Oct 01 2020

How Schools Can Host College Tours and Fairs Virtually

With the right technology, college counselors and recruiters can help students navigating the college search process, even if on-campus visits are impossible.

The coronavirus pandemic transformed how high school students are learning about prospective colleges. Instead of attending traditional college fairs or visiting their dream schools this fall, students are now connecting with admissions representatives online and going on virtual tours.

With the right technology, colleges are able to re-create most of the live interactions that students expect to get from an information session or campus visit. There are other long-term benefits to bringing these experiences online too. Students can easily explore out-of-state options without needing to travel, while colleges are able to expand their reach.

Michelle Luraschi, co-chair of the Missouri Association for College Admission Counseling, tells St. Louis Public Radio that switching to online college fairs has helped connect students with out-of-state universities that don’t typically send representatives to their area.

“Colleges have a finite budget, and so they travel to where the numbers are, to where they get students,” Luraschi says. “And so, we think it’s especially exciting for our smaller and our more rural districts who don’t have these opportunities.”

4 Ways Colleges Are Using Tech to Reach Prospective Students

In the absence of in-person tours and sessions, high schools and colleges have to be innovative. Here’s how some are working together and using technology to provide students with other options.

  1. Recording campus tours: With the help of 360-degree cameras, college counselors can take prospective students on an interactive campus tour without anyone needing to leave the comfort of their homes. These cameras allow users to walk around a room or location and capture their surroundings. David Wu, director of international programs at Eagle’s Landing Christian Academy in Atlanta, used 360-degree cameras and drones to record video tours of 100-plus college campuses across the country, including Harvard University, Michigan State University and Stanford University. To make the experience more immersive, students can watch the videos with virtual reality headsets, which will help them feel as if they’re actually walking across campus or sitting inside a lecture hall.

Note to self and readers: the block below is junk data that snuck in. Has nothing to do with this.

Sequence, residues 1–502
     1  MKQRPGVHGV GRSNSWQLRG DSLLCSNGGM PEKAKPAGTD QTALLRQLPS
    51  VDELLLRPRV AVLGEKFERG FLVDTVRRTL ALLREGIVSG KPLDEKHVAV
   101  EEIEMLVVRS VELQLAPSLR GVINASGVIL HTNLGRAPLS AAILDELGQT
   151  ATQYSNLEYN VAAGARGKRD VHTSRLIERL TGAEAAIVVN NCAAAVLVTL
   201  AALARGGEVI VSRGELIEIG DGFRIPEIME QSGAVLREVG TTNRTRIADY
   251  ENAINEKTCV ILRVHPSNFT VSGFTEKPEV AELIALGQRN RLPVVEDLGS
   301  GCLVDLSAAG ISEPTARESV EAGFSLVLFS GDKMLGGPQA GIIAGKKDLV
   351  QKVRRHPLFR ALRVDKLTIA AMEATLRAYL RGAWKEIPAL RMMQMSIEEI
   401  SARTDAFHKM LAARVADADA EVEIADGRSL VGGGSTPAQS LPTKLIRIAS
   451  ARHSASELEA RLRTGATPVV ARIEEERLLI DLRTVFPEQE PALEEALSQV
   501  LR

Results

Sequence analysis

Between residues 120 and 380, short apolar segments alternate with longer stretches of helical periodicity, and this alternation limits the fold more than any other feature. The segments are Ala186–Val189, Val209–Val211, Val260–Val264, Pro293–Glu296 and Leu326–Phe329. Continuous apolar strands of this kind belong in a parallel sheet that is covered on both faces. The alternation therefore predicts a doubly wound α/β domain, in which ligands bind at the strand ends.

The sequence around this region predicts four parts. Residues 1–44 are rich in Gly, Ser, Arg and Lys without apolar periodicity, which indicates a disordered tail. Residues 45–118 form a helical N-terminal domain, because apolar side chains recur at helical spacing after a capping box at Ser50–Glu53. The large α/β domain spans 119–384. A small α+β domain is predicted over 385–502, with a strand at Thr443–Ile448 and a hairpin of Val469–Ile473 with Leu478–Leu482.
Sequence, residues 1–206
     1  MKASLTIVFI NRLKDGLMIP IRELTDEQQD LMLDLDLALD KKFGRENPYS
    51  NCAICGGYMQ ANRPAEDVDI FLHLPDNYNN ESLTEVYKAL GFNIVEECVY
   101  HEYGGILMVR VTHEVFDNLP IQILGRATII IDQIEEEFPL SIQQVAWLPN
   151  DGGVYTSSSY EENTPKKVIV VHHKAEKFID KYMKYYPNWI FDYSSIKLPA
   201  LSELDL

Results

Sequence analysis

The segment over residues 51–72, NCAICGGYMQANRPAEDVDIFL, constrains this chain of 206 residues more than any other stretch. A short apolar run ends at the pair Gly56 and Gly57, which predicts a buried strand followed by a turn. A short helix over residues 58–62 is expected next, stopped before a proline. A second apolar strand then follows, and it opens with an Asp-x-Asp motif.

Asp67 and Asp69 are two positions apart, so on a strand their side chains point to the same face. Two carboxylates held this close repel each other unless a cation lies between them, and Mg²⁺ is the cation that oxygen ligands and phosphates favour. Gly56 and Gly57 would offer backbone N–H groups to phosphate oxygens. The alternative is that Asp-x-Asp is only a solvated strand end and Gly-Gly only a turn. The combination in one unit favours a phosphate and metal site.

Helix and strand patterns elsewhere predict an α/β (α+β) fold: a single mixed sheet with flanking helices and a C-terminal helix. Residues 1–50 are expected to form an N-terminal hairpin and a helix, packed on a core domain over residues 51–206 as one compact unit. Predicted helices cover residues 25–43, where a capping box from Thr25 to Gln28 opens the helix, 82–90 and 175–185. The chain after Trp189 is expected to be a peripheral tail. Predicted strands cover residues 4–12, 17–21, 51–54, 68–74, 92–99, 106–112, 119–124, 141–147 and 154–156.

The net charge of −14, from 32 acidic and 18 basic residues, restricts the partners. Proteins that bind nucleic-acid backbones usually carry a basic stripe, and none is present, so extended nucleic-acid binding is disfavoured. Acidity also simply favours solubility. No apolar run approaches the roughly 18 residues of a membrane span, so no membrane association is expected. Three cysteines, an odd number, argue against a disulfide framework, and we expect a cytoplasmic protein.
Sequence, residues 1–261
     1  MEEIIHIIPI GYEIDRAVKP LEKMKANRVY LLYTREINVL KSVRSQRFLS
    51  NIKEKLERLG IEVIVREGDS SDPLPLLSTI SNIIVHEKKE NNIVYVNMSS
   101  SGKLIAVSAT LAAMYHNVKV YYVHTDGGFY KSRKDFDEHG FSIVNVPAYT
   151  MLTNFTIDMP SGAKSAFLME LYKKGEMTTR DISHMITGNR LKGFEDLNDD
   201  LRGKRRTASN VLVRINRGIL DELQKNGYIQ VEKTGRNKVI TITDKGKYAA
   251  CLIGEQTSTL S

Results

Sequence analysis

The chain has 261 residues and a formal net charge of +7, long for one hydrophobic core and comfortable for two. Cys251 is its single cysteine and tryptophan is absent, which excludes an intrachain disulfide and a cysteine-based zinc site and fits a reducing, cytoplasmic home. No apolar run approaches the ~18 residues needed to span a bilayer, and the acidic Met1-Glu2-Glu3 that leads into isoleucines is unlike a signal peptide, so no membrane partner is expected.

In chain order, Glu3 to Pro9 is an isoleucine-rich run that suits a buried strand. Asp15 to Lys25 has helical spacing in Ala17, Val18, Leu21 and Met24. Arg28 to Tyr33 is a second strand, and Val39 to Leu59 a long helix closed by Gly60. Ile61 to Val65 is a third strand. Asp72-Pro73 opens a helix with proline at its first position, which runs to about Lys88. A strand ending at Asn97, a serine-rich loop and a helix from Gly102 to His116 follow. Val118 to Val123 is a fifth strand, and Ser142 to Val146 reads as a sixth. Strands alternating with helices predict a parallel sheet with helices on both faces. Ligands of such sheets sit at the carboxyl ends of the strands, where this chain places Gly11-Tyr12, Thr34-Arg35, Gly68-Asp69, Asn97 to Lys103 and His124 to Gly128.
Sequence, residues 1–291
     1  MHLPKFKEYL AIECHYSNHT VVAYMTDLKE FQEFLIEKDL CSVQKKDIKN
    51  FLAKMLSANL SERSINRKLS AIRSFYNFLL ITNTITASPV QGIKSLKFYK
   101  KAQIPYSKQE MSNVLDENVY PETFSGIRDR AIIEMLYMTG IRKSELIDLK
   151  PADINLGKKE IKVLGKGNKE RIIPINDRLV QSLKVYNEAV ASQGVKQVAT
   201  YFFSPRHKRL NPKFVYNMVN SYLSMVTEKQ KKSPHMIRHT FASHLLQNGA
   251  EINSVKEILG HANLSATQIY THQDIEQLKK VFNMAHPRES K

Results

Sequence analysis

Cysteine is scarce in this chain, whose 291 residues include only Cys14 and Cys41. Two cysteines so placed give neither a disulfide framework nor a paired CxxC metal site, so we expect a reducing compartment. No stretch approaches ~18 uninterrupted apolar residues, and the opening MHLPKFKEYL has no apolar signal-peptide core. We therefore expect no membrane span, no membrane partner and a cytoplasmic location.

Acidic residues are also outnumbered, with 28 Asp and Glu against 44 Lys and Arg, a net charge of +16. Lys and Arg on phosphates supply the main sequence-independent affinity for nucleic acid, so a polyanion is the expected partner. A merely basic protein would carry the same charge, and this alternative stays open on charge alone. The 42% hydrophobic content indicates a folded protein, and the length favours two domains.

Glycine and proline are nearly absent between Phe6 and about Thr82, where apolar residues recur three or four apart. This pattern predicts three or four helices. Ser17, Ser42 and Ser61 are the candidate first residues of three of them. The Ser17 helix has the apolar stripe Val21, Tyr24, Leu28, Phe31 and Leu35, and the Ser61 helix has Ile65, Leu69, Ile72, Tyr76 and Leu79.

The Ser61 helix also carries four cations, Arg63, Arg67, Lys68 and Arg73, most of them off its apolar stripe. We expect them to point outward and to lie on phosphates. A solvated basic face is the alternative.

2. Leveraging videoconferencing tools: Many colleges are also using videoconferencing platforms to welcome prospective students. For example, Davidson College in North Carolina is using Zoom to offer 60-minute live information sessions and guided campus tours led by two current students. High school seniors can also learn more about the daily life of a Davidson student by connecting with them through live Q&A sessions held on Zoom.
  3. Experimenting with virtual and game-based platforms: Another option is to bring college open houses to virtual event hosting platforms. The Idaho State Board of Education recently partnered with the Idaho State Department of Education’s GEAR UP Idaho program and Idaho Career and Technical Education to deliver a three-day virtual college fair using a platform called vFairs. On vFairs, students can stop by virtual booths and interact with college staff from schools including Boise State University and the University of Idaho. Some college students have also built replicas of their campuses on Minecraft that have been used for social events and open houses as well.
  4. Connecting with mobile technology: College counselors can also introduce students to mobile applications that help connect students with recruiters. For instance, the California College Fair used an app called Ping to match students with colleges based on their interests and qualifications. All students have to do is take a short quiz on their school preferences before, during or after a virtual college fair, explains Casey Welch, CEO of the app’s parent company, Tallo. Recruiters fill out a similar quiz, which the app uses to match them with students. Students can easily contact college recruiters afterward to get more information about the application process or campus life.

By offering virtual options, college counselors and recruiters can continue helping students who are navigating the college search process, even if students are unable to attend an in-person campus visit.

MORE ON EDTECH: Find out why school districts should embrace virtual job fairs.

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